Longest waiting list in the NHS

The first call for the closure of long-stay hospitals for people
with learning difficulties came in a government white paper in
1971. Thirty-three years later we learn that many of the remaining
20 hospitals will not meet this April’s closure deadline set
out in yet another white paper, Valuing People, writes
Natalie Valios.

“Arguably it’s the longest waiting list in the
NHS,” says Rob Greig, national director of the Valuing People
Support Team which is implementing the document’s proposals
for the Department of Health.

The closure programme has not been a top priority for the NHS,
Greig says. “Parts of the NHS felt it was optional but
successive ministers have made it clear that it

When Valuing People was published the Department of Health was
unaware that a significant proportion of the hospitals had not even
begun to start planning for closure, he says. “In a small
number of cases they didn’t even accept that they had to

In 1971 there were about 59,000 people in these hospitals; now
there are about 720 residents in 20 hospitals. Greig estimates
that, by April, 16 hospitals will remain open with about 600

Community care minister Stephen Ladyman has expressed his
disappointment in these hospitals’ failure to meet the
deadline. He accused strategic health authorities (SHAs) of
dragging their feet on the issue and was angry that £20
million allocated to them for people with learning difficulties was
being spent on other things. He told delegates at a conference on
learning difficulties in November that Greig would be talking to
SHAs to “wake up their ideas”.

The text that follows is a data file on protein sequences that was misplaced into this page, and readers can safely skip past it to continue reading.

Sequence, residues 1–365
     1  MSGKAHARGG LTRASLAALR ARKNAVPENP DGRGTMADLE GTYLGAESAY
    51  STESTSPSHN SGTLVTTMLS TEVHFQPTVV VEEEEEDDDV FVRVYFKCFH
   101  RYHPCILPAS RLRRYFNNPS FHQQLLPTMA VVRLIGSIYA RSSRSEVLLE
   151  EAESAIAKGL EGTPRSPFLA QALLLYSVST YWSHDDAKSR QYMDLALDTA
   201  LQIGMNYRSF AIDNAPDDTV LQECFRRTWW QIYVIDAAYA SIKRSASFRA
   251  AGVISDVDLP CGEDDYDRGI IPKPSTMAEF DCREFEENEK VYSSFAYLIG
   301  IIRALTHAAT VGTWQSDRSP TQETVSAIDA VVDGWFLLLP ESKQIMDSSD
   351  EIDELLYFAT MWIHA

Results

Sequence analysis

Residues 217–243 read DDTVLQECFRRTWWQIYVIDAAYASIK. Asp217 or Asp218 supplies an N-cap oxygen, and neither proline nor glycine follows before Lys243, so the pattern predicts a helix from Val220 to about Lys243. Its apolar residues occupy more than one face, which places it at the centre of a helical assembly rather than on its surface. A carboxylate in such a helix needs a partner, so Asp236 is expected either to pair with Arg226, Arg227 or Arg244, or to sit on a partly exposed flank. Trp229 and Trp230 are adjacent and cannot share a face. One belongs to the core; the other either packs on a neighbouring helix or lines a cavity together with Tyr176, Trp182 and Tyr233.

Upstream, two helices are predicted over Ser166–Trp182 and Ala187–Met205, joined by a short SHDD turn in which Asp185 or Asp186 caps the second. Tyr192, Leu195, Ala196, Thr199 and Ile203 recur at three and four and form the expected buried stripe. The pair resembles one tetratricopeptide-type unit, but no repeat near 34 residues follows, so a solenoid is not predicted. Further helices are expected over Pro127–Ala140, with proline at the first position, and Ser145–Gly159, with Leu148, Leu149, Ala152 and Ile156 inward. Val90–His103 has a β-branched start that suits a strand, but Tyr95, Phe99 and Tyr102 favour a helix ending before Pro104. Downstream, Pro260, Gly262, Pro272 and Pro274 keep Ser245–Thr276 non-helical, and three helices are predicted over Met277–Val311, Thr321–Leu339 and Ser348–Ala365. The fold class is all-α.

Those meetings have now taken place and Greig is confident that
SHA chief executives are now committed to the closure programme. He
emphasises that most hospitals are well advanced in their closure
plans but are waiting for housing plans to come on-stream. In the
main, former residents are moving into either residential care or
supported living accommodation.

Greig says: “It’s better to take a bit longer and
get it right than to rush it and get it wrong. That means making
sure the right services are there. That’s why it’s
taking a while.”

Social care charity Turning Point wants the deadline to be moved
to December. Its recent report, Time to Move On, calls for funding
of £15 million to be ring-fenced for transitional costs.
People with learning difficulties are one of the charity’s
client groups. In providing them with supported housing,
residential and day care it has been involved in resettling
individuals from hospitals into the community.

Chief executive Lord Adebowale says: “These people have
suffered because there has been a lack of leadership. There are
issues in the Valuing People strategy that have been left behind
and haven’t received the impetus that they deserve. If these
people were cancer or heart patients there would be a public

Greig feels Turning Point’s deadline is
“unrealistic”. Instead, it was announced at the end of
last year that hospitals would be given individual closure

Adebowale says: “We have set a deadline. If Greig wants to
negotiate a better deadline that’s fine. We want it to be
short, sharp, resourced and ready to roll. We don’t want
people to be told that they are to be left in for another five
years. Closure is not negotiable. Our clients want out.”

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